The examples above illustrate clear conflicts between the testimonies and opinions in the record that raise legitimate questions regarding the extent of Claimant’s impairments. The inconsistencies also prove that further administrative proceedings would serve a useful purpose. Treichler, 775 F.3d at 1105. Accordingly, the matter must be remanded for further proceedings before the ALJ. See, e.g., Dominguez, 808 F.3d at 409; Treichler, 775 F.3d at 1105; Andrews v. Shalala, 53 F.3d 1035, 1039 (9th Cir. 1995) (The ALJ is responsible for resolving conflicts in testimony, determining credibility, and resolving ambiguities).
The ALJ also improperly rejected the opinion of consulting psychologist Dr. Piatka; nonetheless, the opinion is not yet resolved such that the Court may credit her opinion as true. While Dr. Piatka listed limitations related to understanding and memory, sustained concentration and persistence, social interaction, and adapting to change, Dr. Piatka also noted that a further medical review of Claimant’s medications was necessary to “rule out concentration or cognitive abnormalities secondary to medication effects and to determine to what extent some symptoms may reflect medication effects . . . .” (R. at 956.) The inconsistencies between Dr. Paitka’s opined limitations and Dr. Paitka’s acknowledgment that those limitations may not in fact stem from any psychological dysfunction in Claimant but rather may be the effects of her medications again supports the Court remanding this matter for further development before the ALJ. See Treichler, 775 F.3d at 1101.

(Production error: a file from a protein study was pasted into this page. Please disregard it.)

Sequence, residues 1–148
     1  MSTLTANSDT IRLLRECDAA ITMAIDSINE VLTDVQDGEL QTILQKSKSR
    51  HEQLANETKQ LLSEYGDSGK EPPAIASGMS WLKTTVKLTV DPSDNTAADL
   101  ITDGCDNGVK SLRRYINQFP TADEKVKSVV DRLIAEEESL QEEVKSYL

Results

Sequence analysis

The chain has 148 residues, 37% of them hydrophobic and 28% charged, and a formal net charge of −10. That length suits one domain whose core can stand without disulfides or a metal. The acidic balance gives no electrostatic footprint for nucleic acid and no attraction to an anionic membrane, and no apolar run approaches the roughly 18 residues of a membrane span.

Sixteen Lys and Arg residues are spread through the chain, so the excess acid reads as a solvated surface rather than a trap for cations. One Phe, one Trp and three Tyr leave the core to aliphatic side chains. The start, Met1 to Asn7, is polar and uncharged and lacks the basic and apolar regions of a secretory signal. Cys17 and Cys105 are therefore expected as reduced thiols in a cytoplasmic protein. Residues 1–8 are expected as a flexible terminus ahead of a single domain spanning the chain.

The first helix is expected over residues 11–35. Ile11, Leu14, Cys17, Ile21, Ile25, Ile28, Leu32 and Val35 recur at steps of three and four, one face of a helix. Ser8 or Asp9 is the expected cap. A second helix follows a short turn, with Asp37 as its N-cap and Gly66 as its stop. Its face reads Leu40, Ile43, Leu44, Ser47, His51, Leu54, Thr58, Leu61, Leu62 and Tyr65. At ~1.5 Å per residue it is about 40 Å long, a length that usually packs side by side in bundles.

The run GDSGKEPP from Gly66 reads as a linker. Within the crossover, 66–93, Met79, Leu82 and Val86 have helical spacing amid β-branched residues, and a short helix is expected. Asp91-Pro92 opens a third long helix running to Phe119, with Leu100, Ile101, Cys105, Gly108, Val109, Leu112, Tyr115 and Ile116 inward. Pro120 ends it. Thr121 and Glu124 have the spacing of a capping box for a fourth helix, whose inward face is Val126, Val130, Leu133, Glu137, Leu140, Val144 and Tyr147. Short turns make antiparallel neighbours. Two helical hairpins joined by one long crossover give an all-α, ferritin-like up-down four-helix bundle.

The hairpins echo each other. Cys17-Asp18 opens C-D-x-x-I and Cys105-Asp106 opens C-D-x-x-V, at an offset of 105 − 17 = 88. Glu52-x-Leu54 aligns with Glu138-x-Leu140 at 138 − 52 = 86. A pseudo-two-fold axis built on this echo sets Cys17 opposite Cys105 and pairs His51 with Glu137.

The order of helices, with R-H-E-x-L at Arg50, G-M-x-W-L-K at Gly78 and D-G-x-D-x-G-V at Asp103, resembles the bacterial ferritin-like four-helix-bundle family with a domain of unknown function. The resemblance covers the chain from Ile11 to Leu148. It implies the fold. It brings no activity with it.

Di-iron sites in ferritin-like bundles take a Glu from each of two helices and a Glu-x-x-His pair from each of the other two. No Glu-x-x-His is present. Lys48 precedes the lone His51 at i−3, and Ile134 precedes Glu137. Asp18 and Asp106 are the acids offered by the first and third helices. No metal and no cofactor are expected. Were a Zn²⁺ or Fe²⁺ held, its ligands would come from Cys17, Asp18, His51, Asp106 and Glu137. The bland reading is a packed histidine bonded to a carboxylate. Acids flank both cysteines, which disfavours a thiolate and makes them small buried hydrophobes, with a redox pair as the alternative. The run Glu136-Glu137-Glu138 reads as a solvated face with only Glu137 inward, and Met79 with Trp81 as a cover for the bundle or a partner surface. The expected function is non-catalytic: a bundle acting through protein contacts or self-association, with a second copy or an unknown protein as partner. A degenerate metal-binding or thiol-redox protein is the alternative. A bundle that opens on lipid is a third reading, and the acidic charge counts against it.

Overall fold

Claimant argues that her more recent pain and symptom testimony (post-2010) not only supports a finding of disability but is uncontested by medical evidence on the record. (Doc. 25 at 4-5.) The Defendant concedes that the ALJ failed to properly reject Claimant’s testimony as not credible. Nevertheless, whether crediting Claimant’s more contemporary testimony as true may qualify her for disability during that time is inapposite to the current calculation. First, the Claimant must be found disabled beginning on her March 6, 2008 onset date; therefore, Claimant’s post-2010 condition cannot be analyzed in a vacuum. (R. at 1098.) Second, the existing record conflicts nonetheless and requires remand for reconsideration. See Treichler, 775 F.3d at 1105. Moreover, the impact and relevance of Claimant’s pain and symptom testimony, pre-and/or post-2010, on the formulation of Claimant’s residual functional capacity is a determination left ...